Ptsd Essay

1288 words - 6 pages

Hidden Injury of War
Robert Davis
Carrington College

PSY 113
Mrs. Butler
October 30, 2014

Abstract
Despite the major occurrence of posttraumatic stress disorder and depression among veterans returning from operations in Afghanistan and Iraq, much is yet to be understood about these conditions. Common methods for treatment include prolonged exposure therapy, cognitive processing therapy and pharmacological treatment. Systematic knowledge regarding access to care and quality of care delivered in civilian, VA, and military facilities for those who encounter barriers or difficulty is limited, and recent policy reviews have strongly questioned availability and quality of ...view middle of the document...

398). With this fastening to negative memories and emotions, a victim of warfare will struggle to form new, more positive connections to the past. It is as though the war never ends for them. In the case of soldiers, in particular, this inability to let go is often associated with feelings of guilt and self-hatred, because they were participants in the violence. “PTSD involves over activation of the amygdala, a structure that mediates fear responses, as a result of reduced activity in the ventromedial prefrontal cortex, an area that tamps down emotional reactions” (Bower, 2008, p.5). The affected individual is quite literally emotionally charged by the lingering fear associated with the traumatic event.

As mentioned before, the importance of proper diagnosing and treatment of PTSD extends beyond the victim themselves. It is only to the detriment of society if the young are shipped off to fight wars and brought home no longer fit to live in a way that may prevent future wars. The way in which returning soldiers are received back home may also be critical to their ability to cope with war-born trauma. After the Vietnam War, for example, a powerful anti-war mentality back home consequently generated hatred for returning soldiers, further affirming their self-deprecation and making returning to “normal” life and coping with the trauma of the war far less probable. They were outcasts.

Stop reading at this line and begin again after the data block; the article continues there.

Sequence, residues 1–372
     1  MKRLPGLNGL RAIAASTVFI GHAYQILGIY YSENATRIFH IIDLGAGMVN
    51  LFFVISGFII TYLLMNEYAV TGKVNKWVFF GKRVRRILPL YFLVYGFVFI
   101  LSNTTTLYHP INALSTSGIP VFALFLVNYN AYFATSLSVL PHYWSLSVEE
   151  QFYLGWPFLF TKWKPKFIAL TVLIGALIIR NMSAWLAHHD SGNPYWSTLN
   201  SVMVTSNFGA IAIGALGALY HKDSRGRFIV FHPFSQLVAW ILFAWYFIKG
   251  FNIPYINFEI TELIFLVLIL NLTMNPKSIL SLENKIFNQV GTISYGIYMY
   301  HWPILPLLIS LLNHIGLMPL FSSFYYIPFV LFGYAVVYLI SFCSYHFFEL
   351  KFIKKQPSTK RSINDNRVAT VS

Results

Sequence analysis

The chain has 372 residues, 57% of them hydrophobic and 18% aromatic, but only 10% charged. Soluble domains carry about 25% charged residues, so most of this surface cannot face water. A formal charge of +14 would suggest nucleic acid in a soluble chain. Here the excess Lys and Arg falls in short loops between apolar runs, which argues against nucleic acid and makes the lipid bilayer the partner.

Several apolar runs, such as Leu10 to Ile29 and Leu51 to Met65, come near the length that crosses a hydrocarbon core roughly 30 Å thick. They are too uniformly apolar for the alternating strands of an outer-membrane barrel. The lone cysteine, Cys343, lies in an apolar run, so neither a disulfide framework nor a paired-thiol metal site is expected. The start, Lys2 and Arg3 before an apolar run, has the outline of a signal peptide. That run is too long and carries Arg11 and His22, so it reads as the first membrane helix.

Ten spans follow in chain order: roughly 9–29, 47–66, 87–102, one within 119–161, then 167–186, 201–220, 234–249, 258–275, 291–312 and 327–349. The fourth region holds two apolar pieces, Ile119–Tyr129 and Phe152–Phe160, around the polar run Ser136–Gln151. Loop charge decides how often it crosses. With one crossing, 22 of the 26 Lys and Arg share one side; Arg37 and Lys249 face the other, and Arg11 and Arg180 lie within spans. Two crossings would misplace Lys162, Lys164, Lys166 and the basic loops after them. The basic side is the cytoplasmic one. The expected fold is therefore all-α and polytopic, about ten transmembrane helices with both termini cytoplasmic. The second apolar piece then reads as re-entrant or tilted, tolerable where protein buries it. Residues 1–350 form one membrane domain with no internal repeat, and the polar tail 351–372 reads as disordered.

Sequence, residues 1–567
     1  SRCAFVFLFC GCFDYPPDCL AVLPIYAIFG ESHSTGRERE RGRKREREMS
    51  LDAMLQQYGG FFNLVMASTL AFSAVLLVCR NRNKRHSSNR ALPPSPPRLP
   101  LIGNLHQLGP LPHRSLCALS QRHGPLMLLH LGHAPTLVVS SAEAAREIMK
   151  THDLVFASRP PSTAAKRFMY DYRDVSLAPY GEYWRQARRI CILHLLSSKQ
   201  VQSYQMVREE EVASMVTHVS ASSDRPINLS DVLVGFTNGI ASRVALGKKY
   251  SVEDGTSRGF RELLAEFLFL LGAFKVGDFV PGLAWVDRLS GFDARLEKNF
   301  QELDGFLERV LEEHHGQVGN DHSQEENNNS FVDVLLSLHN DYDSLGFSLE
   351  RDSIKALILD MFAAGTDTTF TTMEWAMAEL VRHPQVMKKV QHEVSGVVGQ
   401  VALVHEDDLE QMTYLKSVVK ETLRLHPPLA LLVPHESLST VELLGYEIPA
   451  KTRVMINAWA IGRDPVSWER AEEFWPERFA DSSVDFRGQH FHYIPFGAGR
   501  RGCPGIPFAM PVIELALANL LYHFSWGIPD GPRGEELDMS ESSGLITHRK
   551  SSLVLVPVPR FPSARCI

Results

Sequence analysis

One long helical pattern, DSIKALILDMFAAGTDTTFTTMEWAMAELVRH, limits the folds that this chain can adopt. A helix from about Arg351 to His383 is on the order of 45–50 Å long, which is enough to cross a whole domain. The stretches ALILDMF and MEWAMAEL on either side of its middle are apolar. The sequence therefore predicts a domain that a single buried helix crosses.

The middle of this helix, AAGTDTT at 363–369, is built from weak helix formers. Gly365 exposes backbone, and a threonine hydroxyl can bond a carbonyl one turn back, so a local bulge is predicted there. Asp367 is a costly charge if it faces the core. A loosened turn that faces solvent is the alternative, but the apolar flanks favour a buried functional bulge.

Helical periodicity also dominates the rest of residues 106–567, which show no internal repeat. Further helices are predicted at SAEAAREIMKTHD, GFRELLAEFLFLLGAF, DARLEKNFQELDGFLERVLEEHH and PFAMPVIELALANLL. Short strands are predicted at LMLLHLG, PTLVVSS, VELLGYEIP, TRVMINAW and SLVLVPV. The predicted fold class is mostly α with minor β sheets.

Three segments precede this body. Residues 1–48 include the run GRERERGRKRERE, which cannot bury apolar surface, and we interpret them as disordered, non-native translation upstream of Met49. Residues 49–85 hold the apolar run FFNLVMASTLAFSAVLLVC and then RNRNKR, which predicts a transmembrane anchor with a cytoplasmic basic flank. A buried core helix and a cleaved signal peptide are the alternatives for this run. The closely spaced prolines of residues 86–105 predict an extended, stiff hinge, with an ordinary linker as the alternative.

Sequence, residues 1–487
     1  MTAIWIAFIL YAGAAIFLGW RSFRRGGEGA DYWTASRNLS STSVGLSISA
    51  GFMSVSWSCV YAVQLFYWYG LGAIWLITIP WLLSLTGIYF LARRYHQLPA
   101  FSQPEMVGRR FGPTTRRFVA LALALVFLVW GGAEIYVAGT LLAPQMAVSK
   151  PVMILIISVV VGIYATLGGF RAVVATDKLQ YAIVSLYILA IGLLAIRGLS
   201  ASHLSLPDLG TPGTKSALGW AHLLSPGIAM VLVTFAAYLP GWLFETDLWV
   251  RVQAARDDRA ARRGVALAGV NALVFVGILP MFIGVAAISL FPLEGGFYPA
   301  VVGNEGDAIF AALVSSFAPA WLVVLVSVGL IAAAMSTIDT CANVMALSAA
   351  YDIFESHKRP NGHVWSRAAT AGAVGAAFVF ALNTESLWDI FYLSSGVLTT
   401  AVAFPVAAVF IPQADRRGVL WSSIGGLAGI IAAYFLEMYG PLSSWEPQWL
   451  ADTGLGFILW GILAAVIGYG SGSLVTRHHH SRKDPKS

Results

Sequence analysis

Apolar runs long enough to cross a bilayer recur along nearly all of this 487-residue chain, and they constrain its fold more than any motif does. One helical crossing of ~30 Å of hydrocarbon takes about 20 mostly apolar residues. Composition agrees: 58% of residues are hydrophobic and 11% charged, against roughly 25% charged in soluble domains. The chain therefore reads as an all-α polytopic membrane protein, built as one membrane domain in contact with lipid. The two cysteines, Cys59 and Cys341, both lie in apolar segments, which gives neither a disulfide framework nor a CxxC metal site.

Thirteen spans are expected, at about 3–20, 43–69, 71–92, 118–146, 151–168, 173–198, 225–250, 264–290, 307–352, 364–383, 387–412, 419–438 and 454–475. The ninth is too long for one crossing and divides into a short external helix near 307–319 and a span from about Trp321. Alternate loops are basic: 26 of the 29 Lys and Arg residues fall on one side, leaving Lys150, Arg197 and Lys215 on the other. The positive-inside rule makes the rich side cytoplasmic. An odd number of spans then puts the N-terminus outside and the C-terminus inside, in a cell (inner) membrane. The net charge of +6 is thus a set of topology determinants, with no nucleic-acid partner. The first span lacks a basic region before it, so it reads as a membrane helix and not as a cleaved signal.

Mental illness has received less validation because it has been so difficult to test and observe. As Stokes suggests (2012), “They might be more assured if they understood that stress is a physiological process that causes real physical (not imaginary) signs and symptoms. Cognitive behavioral training might transform their self-perception of aggrieved and helpless victim to a self-perception of resilient and adaptive survivor” (p. 399). In other words, the internal experience of a victim of warfare must be taken more seriously. It is true that our understanding of PTSD has changed rapidly in the past several decades. However, Xenakis and Friedman state (2012), “The fact that there have been changes in PTSD diagnostic is a sign in scientific and clinical progress not . . . a weakness in the rationale for the diagnosis itself” (p. 9). If this pattern of recently accumulated medical knowledge persists, the future looks brighter for victims of PTSD.

The three most common treatments methods for combat-related PTSD are Prolonged Exposure Therapy, Cognitive Processing Therapy, and Pharmacological treatment. Pharmacological treatment is the most common form of treatment, which should not be surprising, given that it is far easier to numb the patient. This would be the least effective, however, because the problem is only being avoided, not solved. “Prolonged Exposure (PE) is the treatment approach with the most scientific support for its efficacy” (Peterson et al., 2011, p. 168). This method involves coaching the patient back through the traumatic memories...

Other assignments on Ptsd

Transitioning From Military To Civilian Life

605 words - 3 pages ENGL099 – Pre-College English Transitioning from Military to Civilian Life Introduction My paper is on the transition from Military life to Civilian Life. The dealings and issues that a lot of the service men and women and even their families deal with on a day to day basis. In this paper, I will write about what they go through including the families of the service men as well as the dealings with PTSD and the issues of finding work

Appedix C Essay

295 words - 2 pages feelings that influence behavior, which then addresses how to change their thinking and behavior. This often uses the basic principles of learning which challenges their assumptions on how to act and adopt new approaches to old problems. Disorders appropriate for this therapy Disorders appropriate for this therapy includes: PTSD(post traumatic stress disorder), Phobia’s, Panic disorders, Depression, anxiety, stress related ailments, and borderline

Vicarious Trauma On Mental Health Counselors

632 words - 3 pages suffer but the effects and devastation was felt in other environments as well, such as Hawaii. Hawaii underwent a substantial amount of collateral damage which caused anxiety to run rampant amongst Hawaii’s population. This sort of traumatic situation and disaster would truly be the cause of mental disorders such as anxiety, PTSD and depression (Satcher, Friel, & Bell, 2007). Mental health counselors could experience indirect trauma from

Medical Marijuana

1187 words - 5 pages I totally agree with this. I served in the military for four years, and I’ve been diagnose with PTSD and the U.S. government has signed off a bill for veterans who has PTSD to be treated with medical marijuana. Scientist wants you to believe that marijuana is a gateway drug. Rand study says that marijuana experimentation by adolescents does not lead to the use of harder drugs, according to the findings of a.  The study dismisses the so-called